BRIEF DESCRIPTION OF THE DRAWINGS

The accompanying drawings, which are incorporated in and constitute a part of the specification, illustrate embodiments of the invention and, together with the description, serve to explain the principles of the invention.

FIG. 1 is a block diagram to show a configuration of a bioinformation measuring apparatus as an example of a bioinformation output apparatus according to an embodiment of the present invention.

FIG. 2 is a diagram to show examples of formulae to calculate a blood vessel elasticity index, which is necessary for a bioinformation output apparatus according to an embodiment.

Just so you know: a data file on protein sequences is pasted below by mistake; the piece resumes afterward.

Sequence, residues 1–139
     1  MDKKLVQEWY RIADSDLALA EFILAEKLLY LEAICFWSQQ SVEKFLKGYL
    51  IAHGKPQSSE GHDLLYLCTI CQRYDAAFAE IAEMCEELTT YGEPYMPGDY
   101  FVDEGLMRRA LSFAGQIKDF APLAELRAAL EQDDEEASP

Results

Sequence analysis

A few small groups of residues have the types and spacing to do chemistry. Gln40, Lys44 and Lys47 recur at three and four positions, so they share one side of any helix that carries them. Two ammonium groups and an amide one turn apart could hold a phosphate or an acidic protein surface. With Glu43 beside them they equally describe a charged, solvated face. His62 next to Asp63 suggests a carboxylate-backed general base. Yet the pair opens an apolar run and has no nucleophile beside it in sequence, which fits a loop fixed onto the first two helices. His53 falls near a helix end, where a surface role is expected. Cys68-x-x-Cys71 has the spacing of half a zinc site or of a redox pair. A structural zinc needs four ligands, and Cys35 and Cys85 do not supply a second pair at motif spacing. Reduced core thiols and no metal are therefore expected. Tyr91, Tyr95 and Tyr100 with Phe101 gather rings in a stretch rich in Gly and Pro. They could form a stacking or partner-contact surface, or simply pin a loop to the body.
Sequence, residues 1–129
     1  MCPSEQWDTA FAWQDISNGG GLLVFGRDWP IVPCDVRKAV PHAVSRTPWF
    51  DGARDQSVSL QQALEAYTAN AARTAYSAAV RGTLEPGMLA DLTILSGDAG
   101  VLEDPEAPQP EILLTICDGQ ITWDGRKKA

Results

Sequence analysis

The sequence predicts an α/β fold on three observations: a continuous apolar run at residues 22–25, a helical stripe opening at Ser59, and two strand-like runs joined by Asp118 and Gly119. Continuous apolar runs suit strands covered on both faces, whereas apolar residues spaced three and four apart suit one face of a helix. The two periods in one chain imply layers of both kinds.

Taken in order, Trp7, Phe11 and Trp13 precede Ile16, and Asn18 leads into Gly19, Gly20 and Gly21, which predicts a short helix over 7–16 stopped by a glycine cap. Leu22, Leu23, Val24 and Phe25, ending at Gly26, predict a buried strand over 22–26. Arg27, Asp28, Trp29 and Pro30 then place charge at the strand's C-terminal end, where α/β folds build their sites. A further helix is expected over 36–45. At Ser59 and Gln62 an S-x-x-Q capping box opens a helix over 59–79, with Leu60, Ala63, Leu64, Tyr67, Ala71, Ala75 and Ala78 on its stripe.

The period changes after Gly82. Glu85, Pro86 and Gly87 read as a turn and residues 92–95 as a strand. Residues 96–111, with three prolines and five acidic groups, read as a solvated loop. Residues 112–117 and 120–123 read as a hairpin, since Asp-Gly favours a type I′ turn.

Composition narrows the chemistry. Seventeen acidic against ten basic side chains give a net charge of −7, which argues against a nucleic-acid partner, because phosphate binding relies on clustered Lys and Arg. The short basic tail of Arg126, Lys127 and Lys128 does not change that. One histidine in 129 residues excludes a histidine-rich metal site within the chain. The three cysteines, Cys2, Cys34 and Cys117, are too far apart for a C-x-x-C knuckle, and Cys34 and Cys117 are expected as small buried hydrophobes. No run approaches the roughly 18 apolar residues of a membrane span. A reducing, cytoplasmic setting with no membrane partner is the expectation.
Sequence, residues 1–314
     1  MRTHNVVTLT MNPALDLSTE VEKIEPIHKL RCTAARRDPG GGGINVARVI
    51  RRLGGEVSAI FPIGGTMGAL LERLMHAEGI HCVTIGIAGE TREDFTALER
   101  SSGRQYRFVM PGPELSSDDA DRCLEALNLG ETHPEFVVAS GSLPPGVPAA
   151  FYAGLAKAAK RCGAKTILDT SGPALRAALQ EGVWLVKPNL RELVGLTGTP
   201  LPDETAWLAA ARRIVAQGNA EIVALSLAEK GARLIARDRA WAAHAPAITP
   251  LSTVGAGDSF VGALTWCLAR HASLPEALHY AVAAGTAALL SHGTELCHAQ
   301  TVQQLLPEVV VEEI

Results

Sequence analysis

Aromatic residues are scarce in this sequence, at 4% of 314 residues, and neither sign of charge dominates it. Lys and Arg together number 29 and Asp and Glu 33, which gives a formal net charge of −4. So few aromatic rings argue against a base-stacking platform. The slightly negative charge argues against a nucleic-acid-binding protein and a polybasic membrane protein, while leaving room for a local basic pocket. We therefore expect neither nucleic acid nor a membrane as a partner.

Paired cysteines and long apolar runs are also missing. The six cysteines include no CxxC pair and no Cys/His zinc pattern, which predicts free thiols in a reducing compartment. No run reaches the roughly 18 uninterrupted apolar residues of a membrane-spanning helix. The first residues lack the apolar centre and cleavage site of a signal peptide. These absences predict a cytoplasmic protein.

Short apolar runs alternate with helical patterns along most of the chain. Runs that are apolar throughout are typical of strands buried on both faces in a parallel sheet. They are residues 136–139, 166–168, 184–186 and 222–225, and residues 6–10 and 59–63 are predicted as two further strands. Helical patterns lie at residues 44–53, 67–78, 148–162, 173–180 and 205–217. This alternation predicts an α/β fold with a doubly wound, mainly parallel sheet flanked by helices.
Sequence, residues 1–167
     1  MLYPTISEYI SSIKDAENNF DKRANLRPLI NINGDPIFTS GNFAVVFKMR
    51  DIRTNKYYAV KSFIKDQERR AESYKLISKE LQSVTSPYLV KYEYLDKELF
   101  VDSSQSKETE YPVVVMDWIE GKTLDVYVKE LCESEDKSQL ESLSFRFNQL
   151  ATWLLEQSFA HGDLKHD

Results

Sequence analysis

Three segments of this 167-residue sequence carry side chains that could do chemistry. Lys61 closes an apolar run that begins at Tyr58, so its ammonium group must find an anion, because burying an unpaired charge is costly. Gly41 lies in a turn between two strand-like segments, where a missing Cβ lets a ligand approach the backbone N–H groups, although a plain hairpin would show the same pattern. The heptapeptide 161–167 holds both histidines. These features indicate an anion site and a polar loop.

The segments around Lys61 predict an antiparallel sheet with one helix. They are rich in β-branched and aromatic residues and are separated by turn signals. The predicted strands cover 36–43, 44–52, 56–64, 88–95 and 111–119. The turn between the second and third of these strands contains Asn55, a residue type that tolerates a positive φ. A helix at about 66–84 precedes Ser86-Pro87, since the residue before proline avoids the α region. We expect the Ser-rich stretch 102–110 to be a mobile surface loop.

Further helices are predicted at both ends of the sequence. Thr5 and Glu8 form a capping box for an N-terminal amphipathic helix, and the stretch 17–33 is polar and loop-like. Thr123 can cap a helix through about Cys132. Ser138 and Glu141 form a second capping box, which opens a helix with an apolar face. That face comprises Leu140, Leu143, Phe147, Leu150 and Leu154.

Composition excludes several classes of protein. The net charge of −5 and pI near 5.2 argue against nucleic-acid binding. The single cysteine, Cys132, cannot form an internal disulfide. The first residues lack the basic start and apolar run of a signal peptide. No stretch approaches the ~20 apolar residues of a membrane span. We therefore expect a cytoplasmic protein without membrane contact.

FIG. 3 is a diagram to explain a format of a report on changes over time, which is output with a bioinformation output apparatus according to a first embodiment.

FIGS. 4A to 4K is a diagram to show examples of indicator available to present blood pressure value in embodiments.

FIG. 5 is a flowchart to explain a process to output a report on changes over time with a bioinformation output apparatus according to an embodiment of the present invention.

FIG. 6 is a diagram to explain a format of a report on changes over time, which is output with a bioinformation output apparatus according to a second embodiment.

FIG. 7 is a diagram to show an example a comprehensive report which includes a report on changes over time according to an embodiment.

FIG. 8 is a diagram to show a systematic body blood pressure distribution characteristic, which is used in the estimation of a blood pressure value that is used when a bioinformation output apparatus according to an embodiment calculates a blood vessel elasticity index.